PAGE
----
Insidious: Chapter 2: Horror salad with a dash of spookiness, coupled with a review that uses the word “Spooky” too many times

insidious-2-poster-teaserMy relationship with James Wan has, regretably, not been long-running. It started in the year 2013 when there was a horror movie playing in theaters that I decided to go check out. I was then given some of the greatest 112 minutes of my life. The Conjuring was an important introduction to a filmmaker I had never been familiar with. I watched Saw III once, but that’s a pretty distant connection. The next plausible step for me was to watch Insidious, because I’d always heard good things about it. I sat myself down, clicked that shiny play button, and was sucked into one of the greatest god damn things in the whole universe. I really love Insidious. God damn. Enter Insidious: Chapter 2. After the giant wave of love had washed over me from the first film, I was pretty excited to see this one. Got me a ticket, got to that theater, and got to the enjoyment.

This title screen is definitely one of my favorite things on earth

Insidious: Chapter 2 picks up exactly where the first one ended. We’re first given a flashback of Josh (Patrick Wilson) as a child being visited by Elise (Lin Shaye), a friendly ghost whisperer, about the spooky stuff that’s giving him nightmares. Then we flash forward and get a scene of Josh’s wife, Renai (Rose Byrne) talking to a police chief about the events that happened at the end of the first Insidious (to which I’ll keep a secret in case you haven’t seen it because it’s SO GOOD). Flash back to that moment from the end of the first film, and the movie kicks off from there, where our characters are already in the thick of it. This is my first issue with Insidious: Chapter 2 that I tried hard not to make an issue to me but ultimately still bothered me. As it’s named, Insidious: Chapter 2 is, well… Chapter 2. The characters have already been put in a compromising situation, and thus there is minimal build-up to the terrible things that happen to them. Things just are… already there (I believe the piano plays itself after only 15 minutes). The chills are still chilly, and the spookies are still spooktastic, but there’s nothing to hold on to as a standalone experience because everything starts happening immediately. The best way to see this movie is probably to edit it on to the very end of Insidious and let it roll from there. A break between viewings really just makes Insidious: Chapter 2 feel like it’s all moving too fast.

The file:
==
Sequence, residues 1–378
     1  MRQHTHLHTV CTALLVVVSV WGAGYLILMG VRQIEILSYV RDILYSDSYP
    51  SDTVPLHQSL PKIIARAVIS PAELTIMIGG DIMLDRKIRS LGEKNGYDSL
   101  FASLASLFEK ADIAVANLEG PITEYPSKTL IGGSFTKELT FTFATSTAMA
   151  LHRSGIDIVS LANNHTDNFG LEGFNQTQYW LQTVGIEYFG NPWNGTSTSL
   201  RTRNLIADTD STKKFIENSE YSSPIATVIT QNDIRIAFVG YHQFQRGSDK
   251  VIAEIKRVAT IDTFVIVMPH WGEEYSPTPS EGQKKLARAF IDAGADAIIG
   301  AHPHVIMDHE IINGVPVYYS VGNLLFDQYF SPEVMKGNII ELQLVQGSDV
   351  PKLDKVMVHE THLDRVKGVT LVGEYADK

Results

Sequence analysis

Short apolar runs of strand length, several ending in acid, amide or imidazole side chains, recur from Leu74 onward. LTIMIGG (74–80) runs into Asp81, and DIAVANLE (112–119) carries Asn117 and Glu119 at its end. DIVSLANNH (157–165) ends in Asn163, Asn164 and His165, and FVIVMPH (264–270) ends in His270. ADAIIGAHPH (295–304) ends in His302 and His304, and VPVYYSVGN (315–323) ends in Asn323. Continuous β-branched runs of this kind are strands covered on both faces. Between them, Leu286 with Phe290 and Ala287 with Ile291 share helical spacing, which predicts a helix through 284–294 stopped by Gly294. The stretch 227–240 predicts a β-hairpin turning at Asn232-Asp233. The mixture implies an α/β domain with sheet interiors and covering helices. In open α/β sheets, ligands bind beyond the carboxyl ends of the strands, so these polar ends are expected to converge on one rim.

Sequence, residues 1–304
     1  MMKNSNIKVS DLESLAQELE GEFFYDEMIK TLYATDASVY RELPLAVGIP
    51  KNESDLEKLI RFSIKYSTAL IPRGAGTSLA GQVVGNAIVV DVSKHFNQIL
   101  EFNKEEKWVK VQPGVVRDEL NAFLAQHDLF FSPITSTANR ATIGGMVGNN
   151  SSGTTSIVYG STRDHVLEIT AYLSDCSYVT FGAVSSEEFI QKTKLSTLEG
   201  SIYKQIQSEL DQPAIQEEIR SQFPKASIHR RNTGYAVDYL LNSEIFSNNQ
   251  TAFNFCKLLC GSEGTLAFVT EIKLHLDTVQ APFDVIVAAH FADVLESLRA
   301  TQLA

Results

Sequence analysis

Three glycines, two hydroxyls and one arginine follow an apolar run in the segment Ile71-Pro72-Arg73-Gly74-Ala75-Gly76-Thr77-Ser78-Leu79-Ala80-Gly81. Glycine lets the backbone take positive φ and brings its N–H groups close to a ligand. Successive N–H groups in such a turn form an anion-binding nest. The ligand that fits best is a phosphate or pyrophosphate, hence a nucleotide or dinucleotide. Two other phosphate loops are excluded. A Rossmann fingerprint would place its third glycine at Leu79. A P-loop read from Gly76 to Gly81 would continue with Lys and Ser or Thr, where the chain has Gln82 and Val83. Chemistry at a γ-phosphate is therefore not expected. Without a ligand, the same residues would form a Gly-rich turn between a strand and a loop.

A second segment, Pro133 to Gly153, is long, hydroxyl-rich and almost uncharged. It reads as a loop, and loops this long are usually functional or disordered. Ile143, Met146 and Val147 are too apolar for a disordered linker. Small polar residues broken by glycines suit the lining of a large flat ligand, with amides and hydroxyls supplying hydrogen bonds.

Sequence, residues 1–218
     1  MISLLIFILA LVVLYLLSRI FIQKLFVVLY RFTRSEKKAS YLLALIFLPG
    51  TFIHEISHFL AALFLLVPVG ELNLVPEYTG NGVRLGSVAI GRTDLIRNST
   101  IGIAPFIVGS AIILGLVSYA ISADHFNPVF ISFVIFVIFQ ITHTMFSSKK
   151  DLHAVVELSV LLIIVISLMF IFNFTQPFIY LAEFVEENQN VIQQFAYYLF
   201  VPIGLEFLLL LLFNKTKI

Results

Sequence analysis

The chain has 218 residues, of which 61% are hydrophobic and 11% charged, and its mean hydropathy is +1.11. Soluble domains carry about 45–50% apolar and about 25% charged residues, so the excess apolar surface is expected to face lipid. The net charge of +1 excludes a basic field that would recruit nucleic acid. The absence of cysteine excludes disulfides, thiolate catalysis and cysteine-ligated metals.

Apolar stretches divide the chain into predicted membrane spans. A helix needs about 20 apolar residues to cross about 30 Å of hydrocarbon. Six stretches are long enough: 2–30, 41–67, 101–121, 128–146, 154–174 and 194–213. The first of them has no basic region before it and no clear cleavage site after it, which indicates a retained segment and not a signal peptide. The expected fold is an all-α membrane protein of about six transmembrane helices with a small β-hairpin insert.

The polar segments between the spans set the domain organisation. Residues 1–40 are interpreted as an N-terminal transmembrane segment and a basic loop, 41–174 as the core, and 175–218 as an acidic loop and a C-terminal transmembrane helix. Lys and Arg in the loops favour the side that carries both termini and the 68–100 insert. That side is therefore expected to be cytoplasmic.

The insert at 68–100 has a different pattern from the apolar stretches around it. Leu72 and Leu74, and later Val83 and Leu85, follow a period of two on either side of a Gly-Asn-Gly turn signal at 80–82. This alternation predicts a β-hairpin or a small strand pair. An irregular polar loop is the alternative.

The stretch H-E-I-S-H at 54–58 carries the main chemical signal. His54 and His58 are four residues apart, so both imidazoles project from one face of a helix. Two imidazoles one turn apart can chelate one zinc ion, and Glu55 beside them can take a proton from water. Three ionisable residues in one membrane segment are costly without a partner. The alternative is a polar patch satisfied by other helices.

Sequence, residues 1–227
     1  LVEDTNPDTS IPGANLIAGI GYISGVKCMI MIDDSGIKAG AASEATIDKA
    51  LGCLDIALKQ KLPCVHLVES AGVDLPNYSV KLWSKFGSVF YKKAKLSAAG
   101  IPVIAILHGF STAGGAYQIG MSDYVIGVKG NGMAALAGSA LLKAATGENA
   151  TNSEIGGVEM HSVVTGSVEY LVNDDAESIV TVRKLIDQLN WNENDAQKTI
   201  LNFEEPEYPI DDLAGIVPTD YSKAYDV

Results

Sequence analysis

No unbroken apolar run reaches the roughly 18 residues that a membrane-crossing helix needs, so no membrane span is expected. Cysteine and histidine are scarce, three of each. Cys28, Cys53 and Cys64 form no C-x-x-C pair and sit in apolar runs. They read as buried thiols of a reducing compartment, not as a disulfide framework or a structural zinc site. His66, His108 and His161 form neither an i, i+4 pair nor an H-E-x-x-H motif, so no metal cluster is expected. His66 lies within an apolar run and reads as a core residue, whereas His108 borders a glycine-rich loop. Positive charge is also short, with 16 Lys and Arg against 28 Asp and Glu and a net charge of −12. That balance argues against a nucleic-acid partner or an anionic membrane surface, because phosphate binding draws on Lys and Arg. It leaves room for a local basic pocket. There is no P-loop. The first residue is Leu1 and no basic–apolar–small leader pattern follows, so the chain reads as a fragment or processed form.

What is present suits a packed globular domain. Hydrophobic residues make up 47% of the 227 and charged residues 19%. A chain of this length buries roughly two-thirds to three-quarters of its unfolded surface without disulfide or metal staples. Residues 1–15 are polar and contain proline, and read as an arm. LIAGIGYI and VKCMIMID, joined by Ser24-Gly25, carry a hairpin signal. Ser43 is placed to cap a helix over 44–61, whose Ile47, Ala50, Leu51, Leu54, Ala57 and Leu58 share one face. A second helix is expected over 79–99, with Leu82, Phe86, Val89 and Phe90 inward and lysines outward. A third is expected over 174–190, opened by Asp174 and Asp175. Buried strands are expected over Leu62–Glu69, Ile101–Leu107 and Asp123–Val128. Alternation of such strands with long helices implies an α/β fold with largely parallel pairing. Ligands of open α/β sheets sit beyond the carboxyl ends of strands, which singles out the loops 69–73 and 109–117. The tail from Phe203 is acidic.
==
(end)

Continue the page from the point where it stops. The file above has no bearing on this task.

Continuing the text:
Did I mention that Carl uses dice to communicate to the dead? SPOOKY!
Did I mention that Carl uses dice to communicate to the dead? SPOOKY!

Patrick Wilson does a lot to fix this, and gets almost this whole movie to himself. He brings it all in as we watch him get crazier and meaner and scarier and SPOOKY and then violent. There’s a special scene between him and Carl (a former partner of Elise in the ghost-fighting business) that is just super magical. James Wan’s beautiful direction also plows this thing forward. That guy knows how to make scary shit look super pretty. Leigh Whannell’s script gets a little jumbled as the movie explores more of “the further” (the world within our world that’s full of all the creepy dead stuff) and what exactly you can do in it.

Pictured: Patrick Wilson being scary and that child being in one tough pickle

There’s also a part when Patrick Wilson’s mother (Barbara Hershey) runs around a spooky abandoned hospital with Carl and the two comedic-relief ghostbuster-types from the first film, with occassional cuts to the ghost-dude’s cameras to add a bit of found-footage horror element to it. The whole movie just sort of jumps around, and the ending is a lot less satisfying than it’s predecessor (with a final scene setting up a sequel that probably won’t happen). But still, there’s something in there that still got me, be it the performances, the directing, or even some of that spooky ghost-backstory (we learn a BIT about one of the spookies and how they’re life while they were alive was a BIT completely fucked).


Compared to the lack-of Best Boy from the first film, Insidious: Chapter 2 does not disappoint in that regard. What’s-his-name does a good job at whatever the fuck Best Boy’s even do.

I’m recently realizing that I love horror, and James Wan does a damn good job at giving me what I’m looking for. Even when Insidious: Chapter 2 stumbled around, I was still enjoying it. Because fuck it.

7 heads of lettuce out of 10.